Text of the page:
Time dependence of energy spectra of brachytherapy sources and its impact on the half and the tenth value layers.

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PURPOSE: Several factors including radionuclide purity influence the photon energy spectra from sealed brachytherapy sources. The existence of impurities and trace elements in radioactive materials as well as the substrate and encapsulation may not only alter the spectrum at a given time but also cause change in the spectra as a function of time. The purpose of this study is to utilize a semiempirical formalism, which quantitatively incorporates this time dependence, to calculate and evaluate the shielding requirement impacts introduced by this time dependence for a 103Pd source.

METHODS: The formalism was used to calculate the NthVL thicknesses in lead for a 103Pd model 200 seed. Prior to 2005, the 103Pd in this source was purified to a level better than 0.006% of the total 103Pd activity, the key trace impurity consisting of 65Zn. Because 65Zn emits higher energy photons and has a much longer half-life of 244 days compared to 103Pd, its presence in 103Pd seeds led to a time dependence of the photon spectrum and other related physical quantities. This study focuses on the time dependence of the NthVL and the analysis of the corresponding shielding requirements.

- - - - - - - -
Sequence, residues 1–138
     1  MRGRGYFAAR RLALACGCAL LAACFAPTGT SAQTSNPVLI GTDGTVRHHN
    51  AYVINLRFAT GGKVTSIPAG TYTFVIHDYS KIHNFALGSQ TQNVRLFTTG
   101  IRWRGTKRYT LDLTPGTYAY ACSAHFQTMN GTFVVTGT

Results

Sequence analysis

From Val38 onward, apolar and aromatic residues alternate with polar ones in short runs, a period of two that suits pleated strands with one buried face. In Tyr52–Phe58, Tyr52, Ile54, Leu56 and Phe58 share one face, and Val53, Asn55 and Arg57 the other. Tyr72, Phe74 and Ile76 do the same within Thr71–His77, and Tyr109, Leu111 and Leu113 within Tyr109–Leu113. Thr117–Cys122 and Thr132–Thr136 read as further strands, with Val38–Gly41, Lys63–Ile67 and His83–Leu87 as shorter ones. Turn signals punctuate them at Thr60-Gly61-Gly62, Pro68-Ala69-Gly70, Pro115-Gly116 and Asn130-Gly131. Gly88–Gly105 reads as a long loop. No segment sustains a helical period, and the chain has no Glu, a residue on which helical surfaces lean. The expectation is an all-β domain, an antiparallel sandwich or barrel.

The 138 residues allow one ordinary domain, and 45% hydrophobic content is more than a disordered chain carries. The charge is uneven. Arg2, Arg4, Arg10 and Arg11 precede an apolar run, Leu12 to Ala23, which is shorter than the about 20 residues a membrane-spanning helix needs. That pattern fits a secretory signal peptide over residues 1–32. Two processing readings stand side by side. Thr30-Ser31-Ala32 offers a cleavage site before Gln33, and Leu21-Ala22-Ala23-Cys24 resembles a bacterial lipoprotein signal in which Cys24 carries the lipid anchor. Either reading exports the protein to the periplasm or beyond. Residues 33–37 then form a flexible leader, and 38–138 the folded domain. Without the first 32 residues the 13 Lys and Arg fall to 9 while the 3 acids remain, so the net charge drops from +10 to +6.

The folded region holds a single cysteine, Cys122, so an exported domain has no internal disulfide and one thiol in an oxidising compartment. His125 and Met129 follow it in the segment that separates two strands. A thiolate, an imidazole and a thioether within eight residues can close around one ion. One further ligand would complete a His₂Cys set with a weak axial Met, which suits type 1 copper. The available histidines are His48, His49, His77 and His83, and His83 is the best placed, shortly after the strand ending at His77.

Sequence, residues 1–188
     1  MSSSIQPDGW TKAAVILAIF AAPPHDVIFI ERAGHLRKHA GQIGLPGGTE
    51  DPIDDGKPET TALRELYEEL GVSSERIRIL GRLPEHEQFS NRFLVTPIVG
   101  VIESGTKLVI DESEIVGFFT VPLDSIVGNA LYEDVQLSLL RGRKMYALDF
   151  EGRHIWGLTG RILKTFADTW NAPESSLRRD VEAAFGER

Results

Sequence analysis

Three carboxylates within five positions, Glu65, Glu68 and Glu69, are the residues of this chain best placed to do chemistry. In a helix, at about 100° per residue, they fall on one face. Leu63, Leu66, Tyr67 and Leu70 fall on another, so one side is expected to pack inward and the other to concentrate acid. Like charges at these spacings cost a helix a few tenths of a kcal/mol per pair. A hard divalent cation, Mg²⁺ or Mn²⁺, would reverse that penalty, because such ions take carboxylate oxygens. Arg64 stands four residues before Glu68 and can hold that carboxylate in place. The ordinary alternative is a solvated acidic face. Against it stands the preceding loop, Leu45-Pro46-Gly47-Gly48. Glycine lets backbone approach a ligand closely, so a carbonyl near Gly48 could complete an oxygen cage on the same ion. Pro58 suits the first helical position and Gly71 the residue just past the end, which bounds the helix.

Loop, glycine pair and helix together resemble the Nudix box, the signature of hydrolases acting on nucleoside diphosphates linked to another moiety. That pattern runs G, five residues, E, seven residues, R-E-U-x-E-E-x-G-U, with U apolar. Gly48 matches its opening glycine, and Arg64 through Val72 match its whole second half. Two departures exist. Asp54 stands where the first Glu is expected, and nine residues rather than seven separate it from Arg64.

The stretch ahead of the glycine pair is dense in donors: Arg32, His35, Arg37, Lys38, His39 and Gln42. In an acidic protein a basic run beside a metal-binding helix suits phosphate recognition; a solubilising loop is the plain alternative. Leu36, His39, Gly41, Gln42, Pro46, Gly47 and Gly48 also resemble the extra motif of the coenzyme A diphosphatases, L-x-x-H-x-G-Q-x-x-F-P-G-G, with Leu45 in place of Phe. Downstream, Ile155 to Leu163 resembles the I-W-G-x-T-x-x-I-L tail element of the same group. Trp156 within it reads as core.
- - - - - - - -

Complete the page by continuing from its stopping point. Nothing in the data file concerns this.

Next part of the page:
RESULTS: The results indicate that the first HVL and the first TVL in lead steadily increased with time for about 200 days and then reached a plateau. The increases at plateau were more than 1000 times compared to the corresponding values on the zeroth day. The second and third TVLs in lead reached their plateaus in about 100 and 60 days, respectively, and the increases were about 19 and 2.33 times the corresponding values on the zeroth day, respectively. All the TVLs demonstrated a similar time dependence pattern, with substantial increases and eventual approach to a plateau.

CONCLUSIONS: The authors conclude that the time dependence of the emitted photon spectra from brachytherapy sources can introduce substantial variations in the values of the NthVL with time if certain impurities are present. The contribution of 65Zn to the dose rate constant was less than 0.03% in the earlier 103Pd seeds, and because of the use of new processing technologies since 2005, this impurity has been essentially eliminated, as demonstrated in the measured spectra of current 103Pd model 200 seeds. This study illustrates the importance of performing photon spectroscopy of the manufactured radioactive sources as a quality assurance test for an assessment over time of both the radiation protection and the dosimetric properties.





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Medicine and Health Sciences




Department of Medicine

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